Telestroke units helped increase the number of rural patients treated and deliver treatment faster, according to a 10-year evaluation published in the journal Stroke.
At the studied telestroke units in Germany, regional hospitals had 24-hour access to vascular neurologists, including evaluation of brain imaging and patient examination via videoconferencing when needed.
Twelve regional hospitals with neurology and neurosurgery departments entered the telestroke program in 2003. That number had grown to 15 by 2012, with 31,864 consultations provided, according to an announcement. During that time, the percentage of patients with symptoms of stroke or mini-stroke who were treated through the telestroke units grew from 19 percent to 78 percent.
The 10-year evaluation found:
- The number of patients receiving the clot-busting drug tissue plasminogen activator (tPA) for ischemic (clot-caused) stroke rose from 2.6 percent to 15.5 percent
- The median time between a patient's arrival at a regional hospital until tPA was administered fell from 80 minutes to 40 minutes
- The median time between onset of stroke symptoms and receiving tPA fell from 150 minutes to 120 minutes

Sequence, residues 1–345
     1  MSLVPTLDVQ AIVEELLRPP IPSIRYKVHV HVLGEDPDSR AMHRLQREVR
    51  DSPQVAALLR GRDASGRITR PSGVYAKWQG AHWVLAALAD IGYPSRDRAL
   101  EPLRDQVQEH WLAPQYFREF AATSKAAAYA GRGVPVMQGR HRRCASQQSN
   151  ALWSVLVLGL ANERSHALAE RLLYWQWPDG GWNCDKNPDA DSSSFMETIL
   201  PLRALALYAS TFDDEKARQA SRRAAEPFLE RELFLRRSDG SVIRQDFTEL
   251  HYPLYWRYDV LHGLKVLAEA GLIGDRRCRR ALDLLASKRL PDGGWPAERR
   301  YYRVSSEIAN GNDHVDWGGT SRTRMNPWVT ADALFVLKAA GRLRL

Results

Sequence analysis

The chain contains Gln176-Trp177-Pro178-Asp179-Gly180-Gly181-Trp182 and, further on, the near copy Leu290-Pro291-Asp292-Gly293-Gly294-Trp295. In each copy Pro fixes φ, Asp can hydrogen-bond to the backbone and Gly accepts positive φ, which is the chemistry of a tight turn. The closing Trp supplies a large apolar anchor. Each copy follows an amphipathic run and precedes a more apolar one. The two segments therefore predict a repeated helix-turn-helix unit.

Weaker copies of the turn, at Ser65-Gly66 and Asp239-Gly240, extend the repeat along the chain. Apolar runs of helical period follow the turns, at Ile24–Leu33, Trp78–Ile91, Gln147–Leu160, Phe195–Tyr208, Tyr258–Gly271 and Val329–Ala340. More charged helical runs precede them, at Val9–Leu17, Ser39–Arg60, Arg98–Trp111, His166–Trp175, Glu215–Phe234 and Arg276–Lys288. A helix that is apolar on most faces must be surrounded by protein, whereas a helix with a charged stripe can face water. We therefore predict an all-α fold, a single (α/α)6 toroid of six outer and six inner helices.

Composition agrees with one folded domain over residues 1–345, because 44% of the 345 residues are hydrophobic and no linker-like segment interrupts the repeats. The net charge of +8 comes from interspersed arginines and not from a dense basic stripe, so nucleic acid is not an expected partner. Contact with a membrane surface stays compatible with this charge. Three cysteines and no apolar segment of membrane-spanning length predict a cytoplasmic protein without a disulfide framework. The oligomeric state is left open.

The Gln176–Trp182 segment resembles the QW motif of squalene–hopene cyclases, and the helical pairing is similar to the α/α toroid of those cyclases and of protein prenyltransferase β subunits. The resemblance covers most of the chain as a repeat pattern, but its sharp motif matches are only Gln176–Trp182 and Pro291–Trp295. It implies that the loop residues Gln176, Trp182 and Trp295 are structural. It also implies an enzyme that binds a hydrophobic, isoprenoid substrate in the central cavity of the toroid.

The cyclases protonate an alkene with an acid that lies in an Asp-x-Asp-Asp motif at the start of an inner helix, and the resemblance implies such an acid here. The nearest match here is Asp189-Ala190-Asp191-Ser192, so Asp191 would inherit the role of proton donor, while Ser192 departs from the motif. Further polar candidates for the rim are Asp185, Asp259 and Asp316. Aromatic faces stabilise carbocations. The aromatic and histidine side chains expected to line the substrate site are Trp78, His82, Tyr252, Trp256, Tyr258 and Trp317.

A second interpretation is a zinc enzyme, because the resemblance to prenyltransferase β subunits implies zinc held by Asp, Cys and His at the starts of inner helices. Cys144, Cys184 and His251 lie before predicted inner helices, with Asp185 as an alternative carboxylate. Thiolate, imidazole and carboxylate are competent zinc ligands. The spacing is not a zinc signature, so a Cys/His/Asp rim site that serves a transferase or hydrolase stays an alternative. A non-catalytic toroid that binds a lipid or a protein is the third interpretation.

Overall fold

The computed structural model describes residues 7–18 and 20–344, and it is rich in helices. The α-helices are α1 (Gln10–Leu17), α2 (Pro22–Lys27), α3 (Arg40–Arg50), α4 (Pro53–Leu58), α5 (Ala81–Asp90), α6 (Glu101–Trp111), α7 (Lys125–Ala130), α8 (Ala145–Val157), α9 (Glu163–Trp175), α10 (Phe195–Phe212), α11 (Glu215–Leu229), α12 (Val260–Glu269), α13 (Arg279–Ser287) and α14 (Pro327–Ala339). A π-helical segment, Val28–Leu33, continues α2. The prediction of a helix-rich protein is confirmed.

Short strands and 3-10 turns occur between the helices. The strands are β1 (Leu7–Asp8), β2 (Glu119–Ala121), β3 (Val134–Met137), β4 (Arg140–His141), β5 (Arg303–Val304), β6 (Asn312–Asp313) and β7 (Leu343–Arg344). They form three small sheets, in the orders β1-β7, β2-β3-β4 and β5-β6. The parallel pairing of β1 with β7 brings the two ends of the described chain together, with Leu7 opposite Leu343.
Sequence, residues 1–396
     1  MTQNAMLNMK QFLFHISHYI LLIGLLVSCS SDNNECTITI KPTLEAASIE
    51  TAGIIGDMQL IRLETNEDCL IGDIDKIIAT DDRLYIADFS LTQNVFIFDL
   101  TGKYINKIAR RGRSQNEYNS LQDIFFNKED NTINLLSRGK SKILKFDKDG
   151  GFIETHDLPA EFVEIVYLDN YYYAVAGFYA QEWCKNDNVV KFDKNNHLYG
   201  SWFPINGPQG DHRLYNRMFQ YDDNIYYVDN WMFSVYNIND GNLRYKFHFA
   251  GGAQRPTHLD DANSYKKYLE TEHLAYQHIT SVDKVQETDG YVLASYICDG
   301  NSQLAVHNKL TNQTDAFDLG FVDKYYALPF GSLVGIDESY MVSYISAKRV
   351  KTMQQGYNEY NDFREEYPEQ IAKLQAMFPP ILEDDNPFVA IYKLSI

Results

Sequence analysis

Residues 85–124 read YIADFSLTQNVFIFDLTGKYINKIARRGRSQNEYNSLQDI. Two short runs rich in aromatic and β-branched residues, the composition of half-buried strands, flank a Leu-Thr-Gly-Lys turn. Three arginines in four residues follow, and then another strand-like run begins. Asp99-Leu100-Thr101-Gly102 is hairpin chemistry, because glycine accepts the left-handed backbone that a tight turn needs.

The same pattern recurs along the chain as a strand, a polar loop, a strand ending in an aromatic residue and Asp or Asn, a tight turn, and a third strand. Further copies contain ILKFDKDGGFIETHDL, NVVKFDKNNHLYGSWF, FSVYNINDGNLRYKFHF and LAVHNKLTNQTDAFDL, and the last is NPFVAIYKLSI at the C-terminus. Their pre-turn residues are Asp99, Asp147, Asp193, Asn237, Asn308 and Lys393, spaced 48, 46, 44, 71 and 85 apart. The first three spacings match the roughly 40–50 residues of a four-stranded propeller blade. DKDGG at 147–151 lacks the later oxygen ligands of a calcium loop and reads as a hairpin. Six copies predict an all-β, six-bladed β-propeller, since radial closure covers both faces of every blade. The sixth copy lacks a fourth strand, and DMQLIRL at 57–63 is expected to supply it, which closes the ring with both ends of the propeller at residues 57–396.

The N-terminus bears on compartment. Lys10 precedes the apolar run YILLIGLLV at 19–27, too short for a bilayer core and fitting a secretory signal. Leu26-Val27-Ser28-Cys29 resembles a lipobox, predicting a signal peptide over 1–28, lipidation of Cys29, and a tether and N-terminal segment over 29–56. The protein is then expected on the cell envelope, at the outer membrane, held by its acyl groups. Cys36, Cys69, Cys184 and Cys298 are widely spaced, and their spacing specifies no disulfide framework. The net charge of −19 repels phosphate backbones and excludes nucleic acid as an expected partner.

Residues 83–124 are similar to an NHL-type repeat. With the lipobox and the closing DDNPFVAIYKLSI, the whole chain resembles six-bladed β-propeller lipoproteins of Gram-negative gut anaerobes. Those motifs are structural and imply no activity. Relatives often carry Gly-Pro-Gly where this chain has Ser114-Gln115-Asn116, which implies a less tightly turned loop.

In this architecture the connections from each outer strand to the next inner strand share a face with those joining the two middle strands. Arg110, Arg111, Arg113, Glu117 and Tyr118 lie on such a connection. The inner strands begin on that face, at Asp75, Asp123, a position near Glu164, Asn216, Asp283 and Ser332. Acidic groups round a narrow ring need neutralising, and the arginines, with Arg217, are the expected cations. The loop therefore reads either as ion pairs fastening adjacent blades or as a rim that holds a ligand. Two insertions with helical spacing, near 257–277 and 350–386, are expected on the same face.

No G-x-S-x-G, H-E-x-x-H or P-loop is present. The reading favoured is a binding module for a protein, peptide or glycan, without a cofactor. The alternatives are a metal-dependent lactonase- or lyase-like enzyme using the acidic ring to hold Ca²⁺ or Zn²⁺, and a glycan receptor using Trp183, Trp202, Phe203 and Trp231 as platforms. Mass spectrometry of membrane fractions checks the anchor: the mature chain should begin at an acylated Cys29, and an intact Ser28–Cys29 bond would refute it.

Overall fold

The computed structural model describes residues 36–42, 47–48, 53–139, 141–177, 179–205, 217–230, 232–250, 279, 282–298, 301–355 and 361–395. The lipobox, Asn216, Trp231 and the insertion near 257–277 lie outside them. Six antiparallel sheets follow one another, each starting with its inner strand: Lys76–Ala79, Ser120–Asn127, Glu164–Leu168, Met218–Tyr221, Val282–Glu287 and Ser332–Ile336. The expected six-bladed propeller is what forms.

During the same decade, the number of patients transferred from regional hospitals to stroke centers declined from 11.5 percent to 7 percent.
Researchers from the University of Pennsylvania School of Medicine have found that a telestroke program based in Oregon was able to increase access to stroke care by 40 percent.
In addition, telestroke network at Penn State Milton S. Hershey Medical Center has doubled in size since it was launched in 2012 with five partners in Central Pennsylvania and four more partner hospitals are expected to join over the next six months.
Neurologist Raymond Reichwein explained in a FierceHealthIT interview that it had boosted care quality at the regional hospitals and helped them more quickly identify patients who really need to be transferred. Yet he talked about using data for process improvement.
"The technology, the bandwidth and the interaction are all important, but if you don't have the right structure, the right personnel, the right pathways or protocols--and if you have gaps in any of those areas--you can easily compromise care and outcomes quickly," he said.